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Author Topic: Bird flu--really??? more dynamic tools needed for this stuff  (Read 1723 times)

Firebird

  • Former member
Re: Bird flu--really??? more dynamic tools needed for this stuff
« Reply #20 on: May 05, 2014, 05:01:58 PM »
Really "you can do anything a real airline does", Thanks I hadn't thought of that. I should have switched my fleet of 636 aircraft to smaller aircraft. Taking a loan when I have billions in cash reserves doesn't solve anything. Anywho, nuff said.

Offline schro

  • Members
  • Posts: 3076
Re: Bird flu--really??? more dynamic tools needed for this stuff
« Reply #21 on: May 05, 2014, 07:46:32 PM »
You can do everything real airlines can  - Lower prices / temporarily change to smaller aircraft, take a loan if you are about to run out of money due to temporary problem and so on.

There's not that much airlines can do to these things IRL either.

With major events now capped at 2 months, that's about 1.5 days of real life time where the event will be having its impact during a 35 minute game day scenario. For those of us with hundreds of planes in our fleet, it is NOT reasonable to have us go through and change to smaller planes (especially if it is to a different fleet type) because that in itself can take weeks of doing a few dozen planes per couple hour session of rescheduling. Lowering prices is a bit of a problem as well due to the lack of pricing tools built into the game. Sure, we could spend hours repricing all of the routes to match the new demand just to have it spring back in a day after the impact of the event has disappeared. Then, putting back our pricing (which we may have already invested hours into optimizing) is an equally as daunting task.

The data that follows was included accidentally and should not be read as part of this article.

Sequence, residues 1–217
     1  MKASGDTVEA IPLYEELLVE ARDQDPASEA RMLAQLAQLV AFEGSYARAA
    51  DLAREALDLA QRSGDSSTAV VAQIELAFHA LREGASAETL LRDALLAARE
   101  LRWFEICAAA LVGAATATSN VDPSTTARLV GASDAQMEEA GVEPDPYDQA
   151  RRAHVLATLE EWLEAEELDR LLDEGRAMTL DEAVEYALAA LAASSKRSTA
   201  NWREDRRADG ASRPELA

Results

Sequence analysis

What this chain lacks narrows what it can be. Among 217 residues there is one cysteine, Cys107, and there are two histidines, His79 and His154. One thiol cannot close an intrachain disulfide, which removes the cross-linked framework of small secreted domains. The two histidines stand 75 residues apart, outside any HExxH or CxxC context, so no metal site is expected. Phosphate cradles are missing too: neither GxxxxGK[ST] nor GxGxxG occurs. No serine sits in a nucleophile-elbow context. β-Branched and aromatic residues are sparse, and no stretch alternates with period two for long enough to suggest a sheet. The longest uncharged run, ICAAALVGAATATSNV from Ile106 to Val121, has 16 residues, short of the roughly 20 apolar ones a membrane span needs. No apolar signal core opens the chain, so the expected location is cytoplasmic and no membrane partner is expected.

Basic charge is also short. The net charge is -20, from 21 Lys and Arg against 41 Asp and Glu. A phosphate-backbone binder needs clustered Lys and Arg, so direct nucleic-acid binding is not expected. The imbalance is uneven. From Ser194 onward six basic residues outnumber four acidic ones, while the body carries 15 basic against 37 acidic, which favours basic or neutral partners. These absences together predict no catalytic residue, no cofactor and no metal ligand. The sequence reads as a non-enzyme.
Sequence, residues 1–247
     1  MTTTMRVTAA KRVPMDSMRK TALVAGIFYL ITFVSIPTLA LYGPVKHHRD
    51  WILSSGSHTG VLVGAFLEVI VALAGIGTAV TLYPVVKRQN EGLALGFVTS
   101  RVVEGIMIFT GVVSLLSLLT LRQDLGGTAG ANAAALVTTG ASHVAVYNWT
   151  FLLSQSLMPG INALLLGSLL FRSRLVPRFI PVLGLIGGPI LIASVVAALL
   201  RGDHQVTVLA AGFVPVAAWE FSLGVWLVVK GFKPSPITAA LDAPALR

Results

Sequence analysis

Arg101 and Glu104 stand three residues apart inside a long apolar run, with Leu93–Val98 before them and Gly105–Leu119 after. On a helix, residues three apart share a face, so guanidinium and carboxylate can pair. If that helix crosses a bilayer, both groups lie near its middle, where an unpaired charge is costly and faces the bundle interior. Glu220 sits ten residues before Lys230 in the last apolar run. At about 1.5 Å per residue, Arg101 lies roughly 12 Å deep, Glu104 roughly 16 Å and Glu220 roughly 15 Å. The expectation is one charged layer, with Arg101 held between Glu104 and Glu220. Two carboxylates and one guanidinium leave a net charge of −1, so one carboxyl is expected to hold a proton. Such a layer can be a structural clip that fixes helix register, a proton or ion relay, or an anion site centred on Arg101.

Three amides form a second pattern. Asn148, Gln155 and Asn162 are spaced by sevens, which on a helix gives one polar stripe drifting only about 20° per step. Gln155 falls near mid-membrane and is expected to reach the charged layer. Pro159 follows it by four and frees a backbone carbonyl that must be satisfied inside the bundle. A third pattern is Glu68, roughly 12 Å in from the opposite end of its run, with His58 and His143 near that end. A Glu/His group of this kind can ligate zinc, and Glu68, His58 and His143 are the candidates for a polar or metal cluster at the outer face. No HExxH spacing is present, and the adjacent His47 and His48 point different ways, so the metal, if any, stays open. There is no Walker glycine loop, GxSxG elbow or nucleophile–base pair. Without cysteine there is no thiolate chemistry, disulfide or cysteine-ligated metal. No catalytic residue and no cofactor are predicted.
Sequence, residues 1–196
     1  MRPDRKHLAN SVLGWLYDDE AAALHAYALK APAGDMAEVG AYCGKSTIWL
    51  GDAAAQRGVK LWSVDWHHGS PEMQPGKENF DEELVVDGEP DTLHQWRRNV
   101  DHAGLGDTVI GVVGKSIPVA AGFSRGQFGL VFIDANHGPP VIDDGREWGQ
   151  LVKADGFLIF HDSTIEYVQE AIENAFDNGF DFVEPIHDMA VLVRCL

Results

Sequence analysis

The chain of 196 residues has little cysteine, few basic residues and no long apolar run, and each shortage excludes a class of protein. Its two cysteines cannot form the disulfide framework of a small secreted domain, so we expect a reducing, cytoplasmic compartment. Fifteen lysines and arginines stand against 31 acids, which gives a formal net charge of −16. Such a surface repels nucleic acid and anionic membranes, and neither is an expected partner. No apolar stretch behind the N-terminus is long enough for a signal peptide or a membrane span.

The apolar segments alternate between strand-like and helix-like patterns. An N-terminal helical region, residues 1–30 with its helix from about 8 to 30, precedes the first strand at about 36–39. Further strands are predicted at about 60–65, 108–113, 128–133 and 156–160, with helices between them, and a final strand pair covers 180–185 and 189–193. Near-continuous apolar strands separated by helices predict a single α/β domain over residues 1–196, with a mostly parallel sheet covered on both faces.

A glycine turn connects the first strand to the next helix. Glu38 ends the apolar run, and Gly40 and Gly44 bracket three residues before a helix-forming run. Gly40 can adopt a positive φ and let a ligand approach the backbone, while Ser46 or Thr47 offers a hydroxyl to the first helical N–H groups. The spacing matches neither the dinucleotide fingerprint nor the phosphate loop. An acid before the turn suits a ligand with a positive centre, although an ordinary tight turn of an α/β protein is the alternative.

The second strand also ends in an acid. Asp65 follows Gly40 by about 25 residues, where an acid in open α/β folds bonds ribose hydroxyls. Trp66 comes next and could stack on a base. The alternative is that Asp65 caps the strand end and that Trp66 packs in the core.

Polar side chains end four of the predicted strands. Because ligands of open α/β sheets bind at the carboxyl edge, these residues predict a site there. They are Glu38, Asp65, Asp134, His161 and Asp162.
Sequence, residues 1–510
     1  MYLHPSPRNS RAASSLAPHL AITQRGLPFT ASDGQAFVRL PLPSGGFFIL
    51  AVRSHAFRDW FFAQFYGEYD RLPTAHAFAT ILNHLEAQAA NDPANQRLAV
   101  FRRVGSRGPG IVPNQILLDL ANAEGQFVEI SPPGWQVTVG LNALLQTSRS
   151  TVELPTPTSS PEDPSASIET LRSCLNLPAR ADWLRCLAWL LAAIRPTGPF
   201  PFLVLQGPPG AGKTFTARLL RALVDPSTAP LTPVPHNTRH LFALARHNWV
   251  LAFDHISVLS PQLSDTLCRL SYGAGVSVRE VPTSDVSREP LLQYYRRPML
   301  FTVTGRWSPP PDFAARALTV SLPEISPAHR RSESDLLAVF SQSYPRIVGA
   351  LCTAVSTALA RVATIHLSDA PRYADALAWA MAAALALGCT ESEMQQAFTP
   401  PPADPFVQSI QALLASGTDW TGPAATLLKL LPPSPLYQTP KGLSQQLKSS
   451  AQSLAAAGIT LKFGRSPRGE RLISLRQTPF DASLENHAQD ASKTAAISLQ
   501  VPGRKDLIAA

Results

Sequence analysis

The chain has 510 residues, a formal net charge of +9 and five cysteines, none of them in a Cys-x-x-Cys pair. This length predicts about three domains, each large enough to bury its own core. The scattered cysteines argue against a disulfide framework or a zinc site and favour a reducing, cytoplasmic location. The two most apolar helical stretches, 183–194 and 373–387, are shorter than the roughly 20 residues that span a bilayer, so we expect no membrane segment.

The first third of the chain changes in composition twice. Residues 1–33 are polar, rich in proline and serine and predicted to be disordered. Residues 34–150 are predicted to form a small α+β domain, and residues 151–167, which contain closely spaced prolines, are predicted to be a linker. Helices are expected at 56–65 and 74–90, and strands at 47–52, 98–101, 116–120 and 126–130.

Orlando is right - the way the events are done now, it is more of a bend over and take it scenario, as there's no way to manage it in-game with the current mechanisms that are available to us.

Offline LotusAirways

  • Members
  • Posts: 846
Re: Bird flu--really??? more dynamic tools needed for this stuff
« Reply #22 on: May 06, 2014, 05:42:07 PM »
Hi,
LM as a point when he says "tools are currently lacking to make temporary adjustments for events lasting only a few months". I think Sami may need to create temporary tool events that are linked with event events.

Shall we stop bitching and brain storm about tools for temporary tool events? I can start:

- temporary lay-offs that don't affect image, similar to having a plane in store, the workers are still there but for a few weeks maximum they will get paid only 20% or so
- temporary reduction on landing, handling, and passenger fees; random set-up, some airlines get it others don't; airports don't charge the same fees to all airlines in real life anyway
- temporary heavy maintenance discount, bring your planes in now and enjoy a 20% rebate on D checks sort of thing

LA

Offline 11Air

  • Members
  • Posts: 433
Re: Bird flu--really??? more dynamic tools needed for this stuff
« Reply #23 on: May 13, 2014, 12:48:46 PM »